Scale‑fragment formation impairing geothermal energy production: interacting H2S corrosion and CaCO3 crystal growth: interacting H2S corrosion and CaCO3 crystal growth

Publikation: Beitrag in einer FachzeitschriftArtikelForschungBegutachtung

Abstract

Background: Mineral precipitates (scaling) from deep saline thermal waters often constitute a major problem during geothermal energy production. The occurrence of scale-fragments accumulating and clogging pipes, filters, and heat exchangers is of particular concern regarding an efficient energy extraction. Methods: Carbonate scale-fragments from different sections of two geothermal power plants were collected and studied in a high-resolution scaling forensic approach comprising of microstructural characterization, elemental mapping, and stable carbon and oxygen isotope transects. The solid-phase analyses were evaluated in the context of natural environmental and technical (man-made) production conditions. Results and discussion: Our results indicate an interaction of metal sulfide mineral layers mainly from H2S corrosion of the steel pipes and CaCO3 nucleation and crystal growth. A conceptual model of scale-fragment development addresses the relevance of two key interfaces: 1) the corrosion layer between the steel substrate and calcite scale and 2) the scale surface versus thermal fluid flow. The corrosion products constitute an attractive crystallization substrate of brittle and mechanically weak consistency. A rough carbonate scale surface tends to induce (micro) turbulences and increased flow resistance (frictional forces). These factors promote partial exfoliation, scale-fragment mobilization, and rapid clogging. This investigation highlights the potential of detailed petrographic and geochemical analyses of mineral precipitates for evaluating favorable versus unfavorable processes in geotechnical environmental settings.

Originalspracheenglisch
Aufsatznummer4
Seiten (von - bis)1-19
FachzeitschriftGeothermal Energy
Jahrgang5
DOIs
PublikationsstatusVeröffentlicht - 1 Dez 2017

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Geothermal energy
geothermal energy
Crystal growth
corrosion
crystal
Corrosion
Precipitates
Carbonates
mineral
Minerals
pipe
steel
Geothermal power plants
Sulfide minerals
carbonate
substrate
geothermal power
thermal water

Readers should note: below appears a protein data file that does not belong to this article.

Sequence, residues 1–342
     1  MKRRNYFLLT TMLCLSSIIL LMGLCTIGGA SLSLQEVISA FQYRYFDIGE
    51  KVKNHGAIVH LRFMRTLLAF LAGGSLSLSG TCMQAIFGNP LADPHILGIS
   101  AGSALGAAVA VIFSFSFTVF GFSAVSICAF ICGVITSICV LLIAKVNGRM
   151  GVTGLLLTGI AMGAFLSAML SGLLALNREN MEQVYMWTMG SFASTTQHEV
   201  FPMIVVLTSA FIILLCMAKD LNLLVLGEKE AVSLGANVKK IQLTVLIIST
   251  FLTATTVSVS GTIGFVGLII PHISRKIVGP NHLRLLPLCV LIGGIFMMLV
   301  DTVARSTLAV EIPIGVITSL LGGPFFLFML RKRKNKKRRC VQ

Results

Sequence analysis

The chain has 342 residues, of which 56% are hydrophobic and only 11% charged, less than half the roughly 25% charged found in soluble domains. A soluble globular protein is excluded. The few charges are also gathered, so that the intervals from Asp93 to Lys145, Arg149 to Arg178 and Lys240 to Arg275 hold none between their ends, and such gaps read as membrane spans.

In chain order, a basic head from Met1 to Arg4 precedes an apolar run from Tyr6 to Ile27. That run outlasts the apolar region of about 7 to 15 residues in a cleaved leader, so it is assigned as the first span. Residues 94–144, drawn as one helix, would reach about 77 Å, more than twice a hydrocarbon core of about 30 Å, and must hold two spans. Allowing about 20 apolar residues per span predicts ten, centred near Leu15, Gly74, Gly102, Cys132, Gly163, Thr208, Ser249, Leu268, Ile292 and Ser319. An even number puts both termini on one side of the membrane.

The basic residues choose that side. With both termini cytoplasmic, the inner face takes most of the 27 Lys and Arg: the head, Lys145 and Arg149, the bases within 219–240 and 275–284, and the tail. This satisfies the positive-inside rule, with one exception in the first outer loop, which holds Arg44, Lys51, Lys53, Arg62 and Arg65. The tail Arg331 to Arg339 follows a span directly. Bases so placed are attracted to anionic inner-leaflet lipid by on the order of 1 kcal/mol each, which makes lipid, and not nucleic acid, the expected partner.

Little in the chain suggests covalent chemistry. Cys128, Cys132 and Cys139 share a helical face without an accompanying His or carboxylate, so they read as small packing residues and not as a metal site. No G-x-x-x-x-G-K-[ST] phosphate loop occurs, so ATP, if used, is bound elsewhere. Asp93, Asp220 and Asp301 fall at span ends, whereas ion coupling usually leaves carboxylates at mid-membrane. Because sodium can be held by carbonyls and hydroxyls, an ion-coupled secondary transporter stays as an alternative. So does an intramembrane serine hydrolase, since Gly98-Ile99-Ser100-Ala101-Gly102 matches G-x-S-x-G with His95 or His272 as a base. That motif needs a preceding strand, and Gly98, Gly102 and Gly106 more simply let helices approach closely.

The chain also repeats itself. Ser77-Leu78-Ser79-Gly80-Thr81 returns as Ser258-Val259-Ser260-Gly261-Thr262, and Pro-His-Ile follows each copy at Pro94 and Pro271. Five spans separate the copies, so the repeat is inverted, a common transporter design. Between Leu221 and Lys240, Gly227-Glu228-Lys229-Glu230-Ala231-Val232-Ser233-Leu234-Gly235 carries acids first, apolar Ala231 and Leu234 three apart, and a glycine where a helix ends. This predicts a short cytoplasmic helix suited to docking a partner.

Calcite
Steel pipe

Schlagwörter

  • Geochemie
  • Geothermie
  • Mineralogie

Fields of Expertise

  • Advanced Materials Science

Dies zitieren

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title = "Scale‑fragment formation impairing geothermal energy production: interacting H2S corrosion and CaCO3 crystal growth: interacting H2S corrosion and CaCO3 crystal growth",
abstract = "Background: Mineral precipitates (scaling) from deep saline thermal waters often constitute a major problem during geothermal energy production. The occurrence of scale-fragments accumulating and clogging pipes, filters, and heat exchangers is of particular concern regarding an efficient energy extraction. Methods: Carbonate scale-fragments from different sections of two geothermal power plants were collected and studied in a high-resolution scaling forensic approach comprising of microstructural characterization, elemental mapping, and stable carbon and oxygen isotope transects. The solid-phase analyses were evaluated in the context of natural environmental and technical (man-made) production conditions. Results and discussion: Our results indicate an interaction of metal sulfide mineral layers mainly from H2S corrosion of the steel pipes and CaCO3 nucleation and crystal growth. A conceptual model of scale-fragment development addresses the relevance of two key interfaces: 1) the corrosion layer between the steel substrate and calcite scale and 2) the scale surface versus thermal fluid flow. The corrosion products constitute an attractive crystallization substrate of brittle and mechanically weak consistency. A rough carbonate scale surface tends to induce (micro) turbulences and increased flow resistance (frictional forces). These factors promote partial exfoliation, scale-fragment mobilization, and rapid clogging. This investigation highlights the potential of detailed petrographic and geochemical analyses of mineral precipitates for evaluating favorable versus unfavorable processes in geotechnical environmental settings.",